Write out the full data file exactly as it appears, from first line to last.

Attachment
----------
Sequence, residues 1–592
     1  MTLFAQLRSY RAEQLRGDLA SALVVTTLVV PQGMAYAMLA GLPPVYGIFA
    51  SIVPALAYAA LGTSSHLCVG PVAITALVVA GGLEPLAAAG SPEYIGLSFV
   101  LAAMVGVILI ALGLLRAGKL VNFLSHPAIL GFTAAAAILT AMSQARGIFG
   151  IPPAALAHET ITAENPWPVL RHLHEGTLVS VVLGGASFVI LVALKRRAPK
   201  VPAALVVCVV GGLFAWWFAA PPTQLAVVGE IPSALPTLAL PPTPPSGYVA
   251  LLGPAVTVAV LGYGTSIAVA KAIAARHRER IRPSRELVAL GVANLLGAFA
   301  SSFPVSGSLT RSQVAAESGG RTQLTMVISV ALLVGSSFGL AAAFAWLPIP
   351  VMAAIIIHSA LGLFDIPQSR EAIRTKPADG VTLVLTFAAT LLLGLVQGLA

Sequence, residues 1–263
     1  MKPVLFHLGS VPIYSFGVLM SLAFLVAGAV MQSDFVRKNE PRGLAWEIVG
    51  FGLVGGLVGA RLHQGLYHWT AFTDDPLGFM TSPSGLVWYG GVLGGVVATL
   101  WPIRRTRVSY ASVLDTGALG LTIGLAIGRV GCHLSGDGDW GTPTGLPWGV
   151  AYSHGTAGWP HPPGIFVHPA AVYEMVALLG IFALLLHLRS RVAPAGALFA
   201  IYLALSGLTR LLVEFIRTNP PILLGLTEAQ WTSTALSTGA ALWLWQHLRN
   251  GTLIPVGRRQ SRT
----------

Sequence, residues 1–592
     1  MTLFAQLRSY RAEQLRGDLA SALVVTTLVV PQGMAYAMLA GLPPVYGIFA
    51  SIVPALAYAA LGTSSHLCVG PVAITALVVA GGLEPLAAAG SPEYIGLSFV
   101  LAAMVGVILI ALGLLRAGKL VNFLSHPAIL GFTAAAAILT AMSQARGIFG
   151  IPPAALAHET ITAENPWPVL RHLHEGTLVS VVLGGASFVI LVALKRRAPK
   201  VPAALVVCVV GGLFAWWFAA PPTQLAVVGE IPSALPTLAL PPTPPSGYVA
   251  LLGPAVTVAV LGYGTSIAVA KAIAARHRER IRPSRELVAL GVANLLGAFA
   301  SSFPVSGSLT RSQVAAESGG RTQLTMVISV ALLVGSSFGL AAAFAWLPIP
   351  VMAAIIIHSA LGLFDIPQSR EAIRTKPADG VTLVLTFAAT LLLGLVQGLA

Sequence, residues 1–263
     1  MKPVLFHLGS VPIYSFGVLM SLAFLVAGAV MQSDFVRKNE PRGLAWEIVG
    51  FGLVGGLVGA RLHQGLYHWT AFTDDPLGFM TSPSGLVWYG GVLGGVVATL
   101  WPIRRTRVSY ASVLDTGALG LTIGLAIGRV GCHLSGDGDW GTPTGLPWGV
   151  AYSHGTAGWP HPPGIFVHPA AVYEMVALLG IFALLLHLRS RVAPAGALFA
   201  IYLALSGLTR LLVEFIRTNP PILLGLTEAQ WTSTALSTGA ALWLWQHLRN
   251  GTLIPVGRRQ SRT